Network application are the raisons d’etre of a computer network –if we couldn’t conceive of any useful applications, there wouldn’t be any need for networking protocols that support these applications. Since the internet’s inception, numerous useful and entertaining applications have indeed been created. These applications have been the driving force behind the internet’s success, motivating people in homes, schools, governments, and businesses to make the internet an integral part of their daily activities.
Internet applications include the classic text-based applications that became popular in the 1970s and 1980s : text email, remote access to computers, file transfers, and newsgroups. They include the killer application of the mid-1990s, the world wide web, encompassing web surfing, search, and electronic commerce. They include instant messaging and P2P file sharing, the two killer applications introduced at the end of the millennium. Since 2000, we have seen an explosion of popular voice and video applications, including voice-over-IP9VoIP) and video conferencing over IP such as Skype; user-generated video distribution such as YouTube; and movies on demand such as Netflix. During this same period, we have also seen the immergence of highly engaging multi-player online games, including Second Life and World of Warcraft. And most recently, we have seen the emergence of a new generation of social networking applications, such as Facebook, and Twitter, which have created engaging human networks on top of Internet’s network of routers and communication links. Clearly, there has been no slowing down of new and exciting internet applications. Perhaps some of the readers of this article will create the next generation of killer internet applications!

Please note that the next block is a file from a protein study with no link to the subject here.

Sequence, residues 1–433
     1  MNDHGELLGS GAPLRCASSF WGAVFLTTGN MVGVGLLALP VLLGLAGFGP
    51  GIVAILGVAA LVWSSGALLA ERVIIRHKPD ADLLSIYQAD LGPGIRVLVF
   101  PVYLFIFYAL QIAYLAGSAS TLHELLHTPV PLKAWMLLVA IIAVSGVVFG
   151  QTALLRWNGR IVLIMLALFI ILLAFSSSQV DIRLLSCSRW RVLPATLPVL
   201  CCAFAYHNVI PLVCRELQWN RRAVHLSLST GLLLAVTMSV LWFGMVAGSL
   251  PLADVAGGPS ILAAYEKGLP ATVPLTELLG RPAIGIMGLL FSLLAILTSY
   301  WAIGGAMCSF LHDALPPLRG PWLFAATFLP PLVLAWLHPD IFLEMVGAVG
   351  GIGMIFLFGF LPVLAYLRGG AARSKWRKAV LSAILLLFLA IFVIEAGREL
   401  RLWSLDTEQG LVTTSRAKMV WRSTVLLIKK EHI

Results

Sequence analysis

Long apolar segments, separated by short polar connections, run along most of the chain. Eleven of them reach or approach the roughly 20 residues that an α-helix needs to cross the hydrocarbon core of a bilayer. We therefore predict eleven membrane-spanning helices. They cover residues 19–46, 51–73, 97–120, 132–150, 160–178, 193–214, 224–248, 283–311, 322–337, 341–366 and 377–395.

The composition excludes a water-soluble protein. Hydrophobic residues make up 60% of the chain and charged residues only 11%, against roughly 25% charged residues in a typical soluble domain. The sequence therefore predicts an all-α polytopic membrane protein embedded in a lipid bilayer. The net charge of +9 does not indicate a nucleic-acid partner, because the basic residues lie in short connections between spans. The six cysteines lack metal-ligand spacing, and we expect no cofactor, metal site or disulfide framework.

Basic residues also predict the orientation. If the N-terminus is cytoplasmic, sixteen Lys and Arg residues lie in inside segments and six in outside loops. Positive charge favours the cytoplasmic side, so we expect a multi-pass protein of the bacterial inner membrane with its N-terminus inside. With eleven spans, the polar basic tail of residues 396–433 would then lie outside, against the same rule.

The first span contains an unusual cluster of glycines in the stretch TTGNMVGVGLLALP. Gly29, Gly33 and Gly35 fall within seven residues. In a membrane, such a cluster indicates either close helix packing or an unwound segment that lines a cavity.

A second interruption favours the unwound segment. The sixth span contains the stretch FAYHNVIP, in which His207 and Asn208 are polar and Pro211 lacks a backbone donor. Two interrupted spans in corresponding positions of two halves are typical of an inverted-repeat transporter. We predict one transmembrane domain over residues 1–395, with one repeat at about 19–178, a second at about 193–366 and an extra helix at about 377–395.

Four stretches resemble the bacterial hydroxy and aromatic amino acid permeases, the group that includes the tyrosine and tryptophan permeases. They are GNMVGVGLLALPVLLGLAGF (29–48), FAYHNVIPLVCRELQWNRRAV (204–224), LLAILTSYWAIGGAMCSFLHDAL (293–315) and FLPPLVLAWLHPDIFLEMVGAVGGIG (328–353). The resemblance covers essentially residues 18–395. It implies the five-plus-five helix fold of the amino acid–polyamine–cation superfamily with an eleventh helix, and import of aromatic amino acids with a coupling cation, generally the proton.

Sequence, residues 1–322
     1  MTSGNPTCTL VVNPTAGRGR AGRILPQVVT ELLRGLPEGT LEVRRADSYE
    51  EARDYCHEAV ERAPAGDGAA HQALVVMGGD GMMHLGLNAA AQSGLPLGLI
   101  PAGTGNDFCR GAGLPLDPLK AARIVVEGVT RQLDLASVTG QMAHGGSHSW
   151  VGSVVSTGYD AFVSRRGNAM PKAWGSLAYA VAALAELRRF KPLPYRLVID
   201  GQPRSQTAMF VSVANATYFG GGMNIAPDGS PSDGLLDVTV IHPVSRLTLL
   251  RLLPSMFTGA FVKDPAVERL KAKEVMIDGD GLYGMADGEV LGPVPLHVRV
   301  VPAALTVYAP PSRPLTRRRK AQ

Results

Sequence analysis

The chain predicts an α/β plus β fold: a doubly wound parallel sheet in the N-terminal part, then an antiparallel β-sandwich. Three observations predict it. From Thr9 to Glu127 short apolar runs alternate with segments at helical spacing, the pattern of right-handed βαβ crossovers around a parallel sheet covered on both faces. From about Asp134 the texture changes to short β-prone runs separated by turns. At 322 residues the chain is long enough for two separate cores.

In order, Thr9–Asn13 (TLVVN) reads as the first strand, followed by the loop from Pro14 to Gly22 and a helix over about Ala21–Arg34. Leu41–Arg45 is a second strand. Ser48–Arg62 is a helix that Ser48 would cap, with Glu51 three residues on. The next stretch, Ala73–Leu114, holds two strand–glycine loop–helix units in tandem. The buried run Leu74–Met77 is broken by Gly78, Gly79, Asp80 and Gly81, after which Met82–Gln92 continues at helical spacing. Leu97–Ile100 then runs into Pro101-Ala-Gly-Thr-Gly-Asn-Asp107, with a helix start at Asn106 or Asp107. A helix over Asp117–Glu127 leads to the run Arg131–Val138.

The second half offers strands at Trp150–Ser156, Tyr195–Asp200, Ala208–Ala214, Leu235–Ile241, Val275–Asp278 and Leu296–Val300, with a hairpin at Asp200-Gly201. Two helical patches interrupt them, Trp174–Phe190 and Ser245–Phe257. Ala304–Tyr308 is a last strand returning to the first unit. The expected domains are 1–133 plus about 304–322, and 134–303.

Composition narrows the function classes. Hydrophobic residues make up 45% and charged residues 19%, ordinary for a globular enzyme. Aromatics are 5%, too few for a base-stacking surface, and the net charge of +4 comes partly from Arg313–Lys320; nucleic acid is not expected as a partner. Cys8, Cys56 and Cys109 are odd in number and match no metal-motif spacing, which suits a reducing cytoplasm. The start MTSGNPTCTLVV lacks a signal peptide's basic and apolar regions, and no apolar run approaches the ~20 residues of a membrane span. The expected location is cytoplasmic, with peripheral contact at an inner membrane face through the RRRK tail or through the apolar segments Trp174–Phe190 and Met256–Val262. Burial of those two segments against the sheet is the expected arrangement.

In this module we study the conceptual and implementation aspects of network applications. We begin by defining key application-layer concepts, including network services required by applications, clients and servers, processes, and transport-layer interfaces. We examine several network applications in detail, including the web, email, DNS, and peer-to-peer (P2P) file distribution. We then cover network application development, over both TCP and UDP. In particular, we study the socket API and walk through some simple client-server applications in Python.
The application layer is a particularly good place to start our study of protocols. It’s familiar ground. We’re acquainted with many of the applications that rely on the protocols we’ll study. It will give us a good feel for what protocols are all about and will introduce us to many of the same issues that we’ll see again when we study transport, network, and link layer protocols.